AT&T released the findings of a new survey to better understand what companies are doing to address the new needs for the future of work.
“The State of the Industry: Future of Work” survey, which was conducted on behalf of AT&T and Dubber Corporation Limited, featured responses of mostly director-level professionals that represent over one million employees.
One of the biggest insights gained from senior executive respondents was the mass adoption of hybrid work models, which have grown in popularity over the last few years.
However, the challenges of this model have also come to light during this emergence. For example, workers that come into the office a few times a week to collaborate may find that the colleagues they need to work alongside aren’t in the office that day, making the often long commute pointless.
Although hybrid remains the preferred choice for businesses, 72% seem to lack a concrete strategy to optimize this arrangement.
According to the survey, insufficient workplace innovation, oversight, and shifts in culture were the three obstacles that keep them from achieving a successful hybrid work model. However, by investing into these factors, firms can fully optimize this arrangement.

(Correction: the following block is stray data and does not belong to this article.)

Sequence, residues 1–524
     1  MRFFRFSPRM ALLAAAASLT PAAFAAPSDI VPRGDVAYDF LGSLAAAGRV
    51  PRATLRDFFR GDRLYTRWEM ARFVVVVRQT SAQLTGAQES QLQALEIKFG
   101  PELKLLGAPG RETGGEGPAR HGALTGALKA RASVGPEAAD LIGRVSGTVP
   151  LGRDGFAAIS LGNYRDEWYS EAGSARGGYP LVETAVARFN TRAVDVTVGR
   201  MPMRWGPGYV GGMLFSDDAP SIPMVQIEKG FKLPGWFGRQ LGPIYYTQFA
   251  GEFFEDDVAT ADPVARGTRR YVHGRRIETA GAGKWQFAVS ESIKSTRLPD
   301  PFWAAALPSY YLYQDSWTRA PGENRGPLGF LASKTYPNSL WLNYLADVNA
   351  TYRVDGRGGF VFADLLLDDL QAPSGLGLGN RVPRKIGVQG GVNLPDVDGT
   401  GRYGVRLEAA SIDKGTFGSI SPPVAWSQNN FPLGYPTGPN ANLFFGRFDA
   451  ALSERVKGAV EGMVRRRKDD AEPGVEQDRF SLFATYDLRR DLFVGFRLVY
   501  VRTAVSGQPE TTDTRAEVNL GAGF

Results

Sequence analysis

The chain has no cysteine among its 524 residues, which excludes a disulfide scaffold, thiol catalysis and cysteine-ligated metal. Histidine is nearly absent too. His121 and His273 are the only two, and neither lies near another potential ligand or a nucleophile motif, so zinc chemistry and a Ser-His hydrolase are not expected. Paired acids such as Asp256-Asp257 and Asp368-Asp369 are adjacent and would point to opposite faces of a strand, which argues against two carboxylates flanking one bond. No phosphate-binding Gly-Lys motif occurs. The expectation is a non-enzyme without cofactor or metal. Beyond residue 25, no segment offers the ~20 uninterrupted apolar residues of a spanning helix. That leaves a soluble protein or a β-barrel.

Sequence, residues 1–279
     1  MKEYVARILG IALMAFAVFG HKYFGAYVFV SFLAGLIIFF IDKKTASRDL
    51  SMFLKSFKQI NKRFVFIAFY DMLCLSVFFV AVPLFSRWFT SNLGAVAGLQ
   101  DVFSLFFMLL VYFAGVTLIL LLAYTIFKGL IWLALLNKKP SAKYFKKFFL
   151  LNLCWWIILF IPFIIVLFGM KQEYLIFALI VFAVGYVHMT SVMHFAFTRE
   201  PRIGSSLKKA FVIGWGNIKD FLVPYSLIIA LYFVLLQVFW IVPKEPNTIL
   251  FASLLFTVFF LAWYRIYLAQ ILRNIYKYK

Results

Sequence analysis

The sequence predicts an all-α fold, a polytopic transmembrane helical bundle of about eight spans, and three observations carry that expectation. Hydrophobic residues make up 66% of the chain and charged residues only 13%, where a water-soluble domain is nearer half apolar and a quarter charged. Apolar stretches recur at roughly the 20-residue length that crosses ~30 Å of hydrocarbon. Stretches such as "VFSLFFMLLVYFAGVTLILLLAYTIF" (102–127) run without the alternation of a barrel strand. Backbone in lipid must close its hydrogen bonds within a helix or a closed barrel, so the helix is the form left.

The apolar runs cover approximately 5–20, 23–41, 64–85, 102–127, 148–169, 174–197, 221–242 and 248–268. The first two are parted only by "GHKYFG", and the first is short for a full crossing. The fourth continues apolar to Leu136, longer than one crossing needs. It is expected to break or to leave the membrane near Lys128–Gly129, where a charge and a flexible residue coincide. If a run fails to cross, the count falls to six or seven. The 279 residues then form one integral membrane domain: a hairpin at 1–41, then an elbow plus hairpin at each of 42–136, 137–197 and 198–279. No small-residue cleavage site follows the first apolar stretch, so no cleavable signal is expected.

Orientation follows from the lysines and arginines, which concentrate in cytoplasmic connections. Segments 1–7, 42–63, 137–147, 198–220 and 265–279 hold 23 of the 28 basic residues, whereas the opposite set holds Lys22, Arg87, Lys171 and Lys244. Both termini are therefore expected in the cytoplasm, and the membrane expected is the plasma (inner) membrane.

In fact, the absence of real strategy led respondents to say that leadership is “exploring ways to overcome barriers caused by the new model of work, such as building culture remotely and the application of technology—specifically artificial intelligence (AI) and machine learning (ML)—in critical business use-cases.”
The survey shows that 81% of respondents believe that hybrid work will be the dominant work model by 2024, but 76% agreed that their company did not have the proper key performance indicators (KPIs) to support hybrid working.
“It’s clear that a successful talent program now requires a hybrid work policy, but that policy needs to be supported by a strategic tech-first cultural reset, to ensure business growth and competition,” said Alicia Dietsch, senior vice president of business marketing at AT&T.
This will be key in succeeding in the future of work, with 100% of respondents stating that hybrid work will bring in young talent.